Tester Liam writes: “I've walked in the Rime over wet, soft mud right through to dry dust, and grip has been impressive at both ends of the spectrum. I've been particularly impressed by its wet weather grip as I've rarely slipped unless trudging through serious slop. They offer a level of purchase that's yet to be seen from a flat pedal shoe.
“On-bike performance is where I've really been impressed by the Rime. Although its tread is pretty aggressive for a flat pedal shoe, it positively engages with pedal pins, resulting in a super confident grip. It offers a locked-in feel, much like the Leatt DBX 4.0 Flat shoe, because of the tread's channels that provide heaps of on-bike confidence.”
The Giro Latch mountain bike shoe is a well balanced flat shoe offering a good level of comfort and grip in all conditions. The idyllic marriage of technology and style results in a capable shoe that also looks good off the bike. With little to find fault with, the Latch shoes are a decent contender in the market.
Tester Jessica writes: “The Latch provides a good level of support from the sole, with a tough build that still offers enough flexibility to deform with your foot's movement. This is especially noticeable when walking. Unlike the crankbrothers Stamp shoes, which I find very stiff and a little unforgiving, the Latch is far more supple. Moreover, that suppleness hasn't given way to a collapse in support or diminished build integrity. Some shoes feel pliable at the start before progressively giving way, causing you to apply increased tension through the laces to keep the shoe feeling secure. That's not been the case here, however.
“Even after testing and subsequently moving on to other shoe reviews, I've found myself reaching for the Giro Latch shoes for my leisurely non-work-related rides. These shoes are comfortable to wear on and off the bike, providing fantastic pedal adhesion in all conditions. Despite showing some slight signs of wear on the sole, they've retained their build integrity quite well.”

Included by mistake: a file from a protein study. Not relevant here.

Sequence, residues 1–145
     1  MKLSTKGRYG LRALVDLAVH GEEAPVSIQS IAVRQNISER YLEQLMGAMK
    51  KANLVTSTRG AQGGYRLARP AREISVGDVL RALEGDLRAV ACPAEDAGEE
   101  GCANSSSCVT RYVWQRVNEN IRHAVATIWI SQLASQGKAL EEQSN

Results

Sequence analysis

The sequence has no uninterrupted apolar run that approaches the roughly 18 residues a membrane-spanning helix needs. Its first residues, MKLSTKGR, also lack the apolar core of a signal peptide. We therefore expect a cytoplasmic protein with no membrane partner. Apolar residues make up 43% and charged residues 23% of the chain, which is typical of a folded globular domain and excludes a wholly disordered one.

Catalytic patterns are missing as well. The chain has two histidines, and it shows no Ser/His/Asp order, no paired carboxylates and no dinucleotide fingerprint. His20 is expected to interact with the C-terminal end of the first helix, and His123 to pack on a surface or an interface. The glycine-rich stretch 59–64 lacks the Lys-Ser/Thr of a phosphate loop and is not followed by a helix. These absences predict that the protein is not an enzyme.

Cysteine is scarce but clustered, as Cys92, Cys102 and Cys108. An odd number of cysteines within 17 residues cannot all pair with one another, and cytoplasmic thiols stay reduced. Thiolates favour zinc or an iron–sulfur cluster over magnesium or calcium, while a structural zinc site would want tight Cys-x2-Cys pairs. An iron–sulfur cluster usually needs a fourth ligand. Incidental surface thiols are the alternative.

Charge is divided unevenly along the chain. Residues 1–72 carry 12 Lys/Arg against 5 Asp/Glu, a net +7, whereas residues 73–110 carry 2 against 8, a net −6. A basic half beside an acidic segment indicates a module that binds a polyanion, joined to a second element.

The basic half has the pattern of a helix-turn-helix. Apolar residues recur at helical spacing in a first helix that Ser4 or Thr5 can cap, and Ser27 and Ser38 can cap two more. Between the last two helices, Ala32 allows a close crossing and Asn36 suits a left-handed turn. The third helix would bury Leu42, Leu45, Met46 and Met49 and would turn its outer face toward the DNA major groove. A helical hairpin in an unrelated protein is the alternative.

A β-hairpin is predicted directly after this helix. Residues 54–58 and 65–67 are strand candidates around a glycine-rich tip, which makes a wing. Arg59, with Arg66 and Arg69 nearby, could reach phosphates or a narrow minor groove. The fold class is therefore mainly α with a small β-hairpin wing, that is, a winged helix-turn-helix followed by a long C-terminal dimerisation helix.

Leatt’s DBX 2.0 Flat Pedal Shoe combines a casual look with serious performance that any non-clipped rider will appreciate. It's comfy and reasonably priced too.
Tester Liam writes: “The sole's waffle-like tread is very reminiscent of that on a certain other brand’s range of shoes (the one rhyming with… cans). At first look this design absolutely makes sense, and turns out to in practice too – at least for the most part. Possibly due to a mix of the DBX 2.0’s medium/stiff sole and that well-designed tread, it’s a really nice shoe to walk in. I’ve probably walked in these shoes as often as I’ve ridden in them, and they're pleasant and predictably grippy.”
“The Leatt DBX 2.0 Flat Pedal Shoe is great if you like to chop and change from flats to clips. It provides a very usable level of grip and that ‘locked in’ feel, while not costing an awful lot. It's also super comfy and surprisingly weather resistant.”
Giant’s Shuttle flatty majors on all-out pedalling performance. The dual-compound sole might not quite match a rigid carbon alternative, but it’s still supremely impressive in terms of power transfer. Add in Giant's proprietary GRIPR rubber pedal contact patch and good on-bike comfort, and you’ve got a flatty that out-performs expectations. Not great for spending all day in, though, and any walk longer than a hop from bike to bar or checkout can get a bit tiresome.